Big changes are on the way for College Board’s SAT college-admission test. The headlines announce that the timed essay will be revamped and become optional, that the scoring scale will return to 1600, and that the test will no longer focus so heavily on “obscure” words (when’s the last time you used “punctilious” in a sentence?). And in an attempt to reduce the power of the test-preparation industry (which some argue has led college-admissions tests to be unequal and unjust), College Board will offer free online test preparation in partnership with the Khan Academy.
On Tuesday, President Obama released his budget request, the theme of which was “equity”: it features a $300 million Race to the Top program aimed at educational equity and a Preschool for All initiative. Conspicuously absent was any funding for the DC Opportunity Scholarship, which was found by the U.S. Department of Education itself to be “highly effective in promoting educational attainment for low-income African Americans.” The president’s budget proposal is simply a proposal, and these ideas will not necessarily see the light of day. (Common Core would probably consider the document to be a work of fiction.) Still, look for the budget to be a rallying cry in the upcoming election cycle.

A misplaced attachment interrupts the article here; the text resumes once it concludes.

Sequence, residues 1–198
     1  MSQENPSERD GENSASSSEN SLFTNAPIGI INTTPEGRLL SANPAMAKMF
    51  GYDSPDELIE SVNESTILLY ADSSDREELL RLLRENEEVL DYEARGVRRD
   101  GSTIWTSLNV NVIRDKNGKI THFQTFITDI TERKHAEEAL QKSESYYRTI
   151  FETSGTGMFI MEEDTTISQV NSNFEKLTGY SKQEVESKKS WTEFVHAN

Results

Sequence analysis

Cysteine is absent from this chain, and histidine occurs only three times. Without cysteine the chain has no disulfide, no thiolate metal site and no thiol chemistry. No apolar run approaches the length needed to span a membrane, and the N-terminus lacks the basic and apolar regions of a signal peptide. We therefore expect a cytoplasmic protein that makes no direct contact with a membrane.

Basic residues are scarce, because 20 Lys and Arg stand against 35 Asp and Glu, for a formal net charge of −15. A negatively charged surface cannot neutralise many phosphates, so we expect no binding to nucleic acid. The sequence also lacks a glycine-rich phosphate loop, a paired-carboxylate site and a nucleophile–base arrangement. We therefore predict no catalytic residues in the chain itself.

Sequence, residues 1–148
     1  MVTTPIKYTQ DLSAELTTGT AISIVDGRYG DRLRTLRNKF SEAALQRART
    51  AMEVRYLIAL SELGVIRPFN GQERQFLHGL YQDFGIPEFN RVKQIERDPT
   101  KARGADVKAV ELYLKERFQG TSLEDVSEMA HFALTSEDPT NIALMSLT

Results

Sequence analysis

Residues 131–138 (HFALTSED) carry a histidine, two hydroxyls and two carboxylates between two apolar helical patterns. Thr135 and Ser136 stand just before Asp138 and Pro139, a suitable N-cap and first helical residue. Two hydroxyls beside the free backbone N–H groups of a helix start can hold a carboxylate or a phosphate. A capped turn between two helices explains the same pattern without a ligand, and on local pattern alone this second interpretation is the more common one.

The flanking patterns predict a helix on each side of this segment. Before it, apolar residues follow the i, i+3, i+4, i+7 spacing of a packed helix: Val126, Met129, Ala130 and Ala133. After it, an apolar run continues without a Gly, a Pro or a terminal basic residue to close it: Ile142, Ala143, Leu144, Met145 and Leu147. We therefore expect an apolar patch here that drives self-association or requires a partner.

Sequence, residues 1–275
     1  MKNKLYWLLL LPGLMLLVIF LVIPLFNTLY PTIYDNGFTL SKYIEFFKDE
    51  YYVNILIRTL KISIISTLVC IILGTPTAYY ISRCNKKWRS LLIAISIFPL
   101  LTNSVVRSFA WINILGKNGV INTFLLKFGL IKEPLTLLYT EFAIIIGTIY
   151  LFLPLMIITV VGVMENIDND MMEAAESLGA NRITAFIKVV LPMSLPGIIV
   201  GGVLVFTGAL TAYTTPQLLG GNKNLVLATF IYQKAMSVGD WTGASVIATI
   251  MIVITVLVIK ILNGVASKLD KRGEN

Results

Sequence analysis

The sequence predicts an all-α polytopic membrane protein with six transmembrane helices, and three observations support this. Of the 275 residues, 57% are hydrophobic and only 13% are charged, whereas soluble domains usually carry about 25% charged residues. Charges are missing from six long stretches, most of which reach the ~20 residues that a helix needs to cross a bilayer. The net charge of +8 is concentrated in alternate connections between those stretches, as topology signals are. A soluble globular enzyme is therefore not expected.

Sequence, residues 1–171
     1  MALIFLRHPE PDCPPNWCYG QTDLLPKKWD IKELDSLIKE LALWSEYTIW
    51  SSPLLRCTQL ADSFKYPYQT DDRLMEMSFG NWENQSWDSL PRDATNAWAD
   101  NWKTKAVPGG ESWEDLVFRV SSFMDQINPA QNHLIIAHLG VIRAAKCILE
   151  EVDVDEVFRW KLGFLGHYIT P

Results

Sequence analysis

After announcing that it is “time to end the stigma against career education,” Louisiana superintendent of education John White unveiled Jump Start, a revamp of the state’s career and technical training efforts. The new program would see school districts, two-year colleges, and private firms establishing regional teams to offer high school juniors and seniors courses and workplace training.
Despite the research that finds that first-year teachers recruited by Teach For America (TFA) perform at least as well as their peers, TFA faces criticisms of its training and retention efforts. In response, Teach for America will pilot a program that gives new recruits a year of preparation and emphasizes staying in the teaching profession longer than the mandatory two years.